Most important, the New York Times reports:
Phone records and intercepted calls show that members of Donald J. Trump’s 2016 presidential campaign and other Trump associates had repeated contacts with senior Russian intelligence officials in the year before the election, according to four current and former American officials. …
The officials interviewed in recent weeks said that, so far, they had seen no evidence of such cooperation.
But the intercepts alarmed American intelligence and law enforcement agencies, in part because of the amount of contact that was occurring while Mr. Trump was speaking glowingly about the Russian president, Vladimir V. Putin. …
The officials said the intercepted communications were not limited to Trump campaign officials, and included other associates of Mr. Trump. On the Russian side, the contacts also included members of the government outside of the intelligence services, they said. All of the current and former officials spoke on the condition of anonymity because the continuing investigation is classified.
Among those purportedly implicated include former campaign manager Paul Manafort (who denies any impropriety), Roger Stone, Carter Page and Flynn. Both Trump and press secretary Sean Spicer claimed that no such contacts occurred. Is the president covering up aides’ actions, or is he clueless? Was there a quid pro quo offered by Flynn or others for assistance that Trump received in the campaign? Did Trump intentionally hide behind his vice president, to whom Flynn lied? (The good news is that Spicer has taken to insisting Trump has been “tough” on Russia, a sign that Putin’s attempt to meddle with the election might convert Trump into a Russia hawk — if only to save his own hide.)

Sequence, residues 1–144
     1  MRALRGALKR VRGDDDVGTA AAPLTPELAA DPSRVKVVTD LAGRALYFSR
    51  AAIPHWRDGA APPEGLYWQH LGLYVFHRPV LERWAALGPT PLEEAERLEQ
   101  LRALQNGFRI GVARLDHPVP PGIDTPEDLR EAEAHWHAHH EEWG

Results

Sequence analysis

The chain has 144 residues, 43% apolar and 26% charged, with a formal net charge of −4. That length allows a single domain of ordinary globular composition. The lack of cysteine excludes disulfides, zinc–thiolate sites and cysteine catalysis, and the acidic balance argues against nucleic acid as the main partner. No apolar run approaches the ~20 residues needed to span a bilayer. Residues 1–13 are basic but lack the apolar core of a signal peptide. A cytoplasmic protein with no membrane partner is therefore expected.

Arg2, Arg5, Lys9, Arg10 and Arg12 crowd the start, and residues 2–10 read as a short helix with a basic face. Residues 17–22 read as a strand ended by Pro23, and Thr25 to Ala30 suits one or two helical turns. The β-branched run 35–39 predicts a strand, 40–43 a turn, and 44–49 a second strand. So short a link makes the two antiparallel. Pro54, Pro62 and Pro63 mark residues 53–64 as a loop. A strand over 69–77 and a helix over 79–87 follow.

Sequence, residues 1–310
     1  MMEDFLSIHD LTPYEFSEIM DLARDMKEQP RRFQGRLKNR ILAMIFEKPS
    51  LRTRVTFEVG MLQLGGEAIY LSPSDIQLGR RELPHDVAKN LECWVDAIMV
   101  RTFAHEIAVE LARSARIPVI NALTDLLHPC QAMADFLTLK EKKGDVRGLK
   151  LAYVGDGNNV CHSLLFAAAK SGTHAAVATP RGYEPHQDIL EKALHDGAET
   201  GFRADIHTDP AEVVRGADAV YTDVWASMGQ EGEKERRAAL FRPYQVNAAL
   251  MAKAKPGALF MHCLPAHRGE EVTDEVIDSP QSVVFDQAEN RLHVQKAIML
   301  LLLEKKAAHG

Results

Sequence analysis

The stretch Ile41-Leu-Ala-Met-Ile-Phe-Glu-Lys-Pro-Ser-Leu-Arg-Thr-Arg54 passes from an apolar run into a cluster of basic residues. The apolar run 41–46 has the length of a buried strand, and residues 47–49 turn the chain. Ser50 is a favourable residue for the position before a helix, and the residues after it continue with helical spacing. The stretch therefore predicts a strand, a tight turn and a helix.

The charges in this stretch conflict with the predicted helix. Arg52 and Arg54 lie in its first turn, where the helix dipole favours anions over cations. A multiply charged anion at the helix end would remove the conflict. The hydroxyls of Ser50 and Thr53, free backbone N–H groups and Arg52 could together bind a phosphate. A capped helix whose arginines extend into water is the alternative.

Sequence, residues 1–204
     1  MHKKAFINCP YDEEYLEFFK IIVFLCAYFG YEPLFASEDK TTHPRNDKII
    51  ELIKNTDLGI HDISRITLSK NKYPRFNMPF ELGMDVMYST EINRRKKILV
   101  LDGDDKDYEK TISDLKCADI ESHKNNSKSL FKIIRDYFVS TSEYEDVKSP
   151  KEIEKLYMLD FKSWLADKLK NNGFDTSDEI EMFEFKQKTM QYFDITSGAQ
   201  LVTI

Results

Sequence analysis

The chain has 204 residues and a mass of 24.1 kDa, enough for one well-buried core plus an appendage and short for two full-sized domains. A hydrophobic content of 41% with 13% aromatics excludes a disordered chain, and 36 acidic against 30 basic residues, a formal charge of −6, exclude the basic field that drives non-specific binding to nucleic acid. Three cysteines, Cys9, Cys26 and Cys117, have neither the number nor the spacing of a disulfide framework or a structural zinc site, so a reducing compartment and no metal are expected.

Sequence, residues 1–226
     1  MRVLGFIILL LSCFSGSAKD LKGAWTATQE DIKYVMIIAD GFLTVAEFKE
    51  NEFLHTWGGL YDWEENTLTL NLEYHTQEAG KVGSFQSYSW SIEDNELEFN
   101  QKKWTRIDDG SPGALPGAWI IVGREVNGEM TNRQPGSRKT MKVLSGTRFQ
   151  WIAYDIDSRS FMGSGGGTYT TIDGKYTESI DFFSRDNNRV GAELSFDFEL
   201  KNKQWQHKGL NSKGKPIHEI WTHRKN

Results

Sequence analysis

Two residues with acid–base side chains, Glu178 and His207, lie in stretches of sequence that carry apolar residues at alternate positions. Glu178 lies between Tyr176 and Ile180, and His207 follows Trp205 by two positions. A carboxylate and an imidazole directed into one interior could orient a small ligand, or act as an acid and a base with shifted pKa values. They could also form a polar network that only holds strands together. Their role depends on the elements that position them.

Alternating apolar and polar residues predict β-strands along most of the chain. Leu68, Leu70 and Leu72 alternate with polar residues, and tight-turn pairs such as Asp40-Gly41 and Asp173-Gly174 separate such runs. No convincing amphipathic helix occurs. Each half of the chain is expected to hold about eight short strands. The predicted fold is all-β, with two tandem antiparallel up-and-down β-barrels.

Second, the GOP’s stonewalling tactic is crumbling, at least on the Senate side. The Post reports: